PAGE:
For history and art buffs, there are the churches of St. Jerome in Morong, Our Lady of Peace and Good Voyage in Antipolo, and St. Joseph in Baras; the Blanco Family Museum in Angono, and the Petroglyphs in Binangonan.
Rizal is also the site of major Filipino celebrations like the Maytime Fiesta in Antipolo and the Higantes Festival in Angono.
Rizal is also the cradle of four National Artists, namely painters Vicente Manansala and Botong Francisco, and musicians Lucio San Pedro and Francisco Feliciano.”
Y.E.S. TO PROGRESS AND PEACE
Crucial to Rizal’s status as Most Competitive Province is Governor Ynares’ flagship Ynares Eco System (or Y.E.S., for short), which is anchored on the principles of cleaning, greening, and recycling.
Says Trias, “Gov. Nini’s concern is to protect the people and the environment as she did during her first administration as governor of the province of Rizal in 2001 to 2004.”
Some of Gov. Ynares’ many key activities and projects are the establishment of provincial-wide cleanliness drives, the rise of Taytay as the nation’s garments capital, the development of alternative energy in the Pililia Wind Farm, rehabilitation of children in conflict with the law through the Bahay Pag-Asa house, and management of materials recovery facilities in the barangays.
Another key project is Oplan Busilak (busilak means “pure” in Filipino)—the major clearing of waterways leading to the Laguna Lake and Manila Bay.
Rizal is also a relatively orderly and peaceful province. In fact, in 2015, the Philippine National Police declared it as a “Conflict Manageable Area.” Says Trias, “When it comes to security, we do have occasional problems but in Calabarzon, Rizal has the lowest crime rate.”
Unlike other places where conflict arises due to differences in political allegiances, Trias is proud to report, “Our political atmosphere is relatively serene.”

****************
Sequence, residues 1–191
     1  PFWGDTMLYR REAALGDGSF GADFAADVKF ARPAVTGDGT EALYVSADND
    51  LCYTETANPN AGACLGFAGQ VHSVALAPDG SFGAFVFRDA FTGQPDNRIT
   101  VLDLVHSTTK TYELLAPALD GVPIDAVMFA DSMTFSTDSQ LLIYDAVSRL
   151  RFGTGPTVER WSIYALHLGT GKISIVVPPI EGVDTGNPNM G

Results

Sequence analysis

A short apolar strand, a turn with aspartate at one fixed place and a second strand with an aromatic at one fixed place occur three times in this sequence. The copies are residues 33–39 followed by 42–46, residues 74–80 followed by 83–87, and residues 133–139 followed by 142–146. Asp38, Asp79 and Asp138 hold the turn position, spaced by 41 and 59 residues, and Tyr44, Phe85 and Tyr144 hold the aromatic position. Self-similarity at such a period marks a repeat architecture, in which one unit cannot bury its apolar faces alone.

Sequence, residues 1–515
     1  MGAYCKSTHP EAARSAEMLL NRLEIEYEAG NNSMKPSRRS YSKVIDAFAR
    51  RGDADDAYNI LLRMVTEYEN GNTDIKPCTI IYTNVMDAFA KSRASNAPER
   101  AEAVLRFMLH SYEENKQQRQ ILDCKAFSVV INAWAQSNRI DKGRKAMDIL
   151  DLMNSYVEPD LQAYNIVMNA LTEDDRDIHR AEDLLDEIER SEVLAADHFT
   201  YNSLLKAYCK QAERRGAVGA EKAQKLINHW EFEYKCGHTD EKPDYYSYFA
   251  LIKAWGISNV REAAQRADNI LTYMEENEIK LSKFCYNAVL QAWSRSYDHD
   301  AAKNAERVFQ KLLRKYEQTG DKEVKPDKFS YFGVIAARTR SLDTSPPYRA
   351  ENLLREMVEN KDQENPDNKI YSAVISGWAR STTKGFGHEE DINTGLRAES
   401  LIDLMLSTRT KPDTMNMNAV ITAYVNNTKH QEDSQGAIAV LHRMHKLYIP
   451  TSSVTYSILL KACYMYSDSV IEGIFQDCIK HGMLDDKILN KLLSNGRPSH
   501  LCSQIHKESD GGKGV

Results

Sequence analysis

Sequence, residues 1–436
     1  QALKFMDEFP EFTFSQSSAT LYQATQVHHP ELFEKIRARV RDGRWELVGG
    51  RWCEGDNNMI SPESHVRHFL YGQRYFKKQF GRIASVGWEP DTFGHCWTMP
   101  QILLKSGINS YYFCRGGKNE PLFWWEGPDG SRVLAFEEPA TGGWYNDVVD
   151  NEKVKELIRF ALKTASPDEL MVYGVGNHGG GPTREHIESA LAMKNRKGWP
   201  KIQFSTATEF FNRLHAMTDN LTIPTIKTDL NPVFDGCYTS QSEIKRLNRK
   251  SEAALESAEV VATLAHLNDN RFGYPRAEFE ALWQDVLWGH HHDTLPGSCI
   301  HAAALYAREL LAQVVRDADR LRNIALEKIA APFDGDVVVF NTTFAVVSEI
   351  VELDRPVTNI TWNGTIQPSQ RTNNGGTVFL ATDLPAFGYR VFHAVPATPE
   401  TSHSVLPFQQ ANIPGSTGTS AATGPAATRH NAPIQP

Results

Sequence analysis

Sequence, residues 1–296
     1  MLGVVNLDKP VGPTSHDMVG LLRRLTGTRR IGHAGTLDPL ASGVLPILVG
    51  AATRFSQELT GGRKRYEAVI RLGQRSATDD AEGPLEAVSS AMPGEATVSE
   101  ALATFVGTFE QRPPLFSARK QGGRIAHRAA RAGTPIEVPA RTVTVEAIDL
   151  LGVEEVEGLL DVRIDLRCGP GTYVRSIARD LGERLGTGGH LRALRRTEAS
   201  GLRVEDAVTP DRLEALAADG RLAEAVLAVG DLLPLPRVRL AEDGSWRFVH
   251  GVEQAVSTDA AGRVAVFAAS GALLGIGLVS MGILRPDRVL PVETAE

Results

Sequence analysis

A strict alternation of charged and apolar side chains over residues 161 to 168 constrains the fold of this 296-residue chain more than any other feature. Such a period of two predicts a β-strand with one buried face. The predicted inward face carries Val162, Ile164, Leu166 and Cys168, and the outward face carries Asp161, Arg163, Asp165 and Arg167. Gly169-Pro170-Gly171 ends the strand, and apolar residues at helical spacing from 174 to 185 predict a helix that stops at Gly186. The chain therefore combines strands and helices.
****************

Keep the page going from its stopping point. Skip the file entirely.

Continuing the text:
Staff members from other local governments have traveled to Rizal to learn about the latter’s best practices. At visits such as these, Trias has heard about problems due to differences in political affiliations. “LGUs tell me, ‘Our provincial board refuses to approve a project because the beneficiary is a (political) enemy.’ That is why infrastructure projects are not implemented properly…Thankfully, that is not the case in Rizal. Kasi sa amin, okay naman.”
OPEN TO EVERYONE
Trias emphasizes that the provincial government grants requests based on need and not on political connections, ensuring that priority projects are funded.
Thus, it is not surprising that Rizal has built a wide and well-made road network, so much so that Department of Public Works and Highways has recognized it as the Province with the Best Road Networks.
Whether you are a politician from an opposing political party, a tricycle driver, or a teacher, if you have genuine concern that needs the attention of the provincial government, you will have the time of day. Governor Ynares assures that she will give you an audience. She says, “My office is open to all socio-economic and political classes. Everybody’s welcome to come here…We entertain different kinds of people.”
LEAGUE experienced Governor Ynares’ accommodating nature firsthand when she allowed the team’s editorial, photo, and videography teams to have a quick shoot and interview with her. On that afternoon, the governor was reportedly in the thick of staffing issues for a provincial hospital scheduled for opening in a few weeks.
In spite of her busy-ness, the governor shared her views, including an interesting sidelight about the first time Rizal won the Most Competitive Province award in 2016. She says sincerely, “It really caught me by surprise because we were invited to come to PICC…We did not prepare for it, but we managed to earn the recognition of the Most Competitive Province in the Philippines.”
The esteemed leader shares this story to underscore the culture of excellence in the province. She says, “The fact that we won without preparing for it means that it is how we work here at the Capitol. It’s really how we do things here.”
The governor notes that with the influx of business and industries into Rizal, she hopes she can be able to generate more employment. “So that people here don’t have to travel and pay for transportation; even in their place of residence, they can find work.”
For Governor Nini Ynares of Rizal, winning awards will always be nice rewards, yet service to its over two million population is still the greater fulfillment. “Awards inspire us to work harder; but with or without them, we are committed to do what is best for the people of Rizal.” — GAY ACE DOMINGO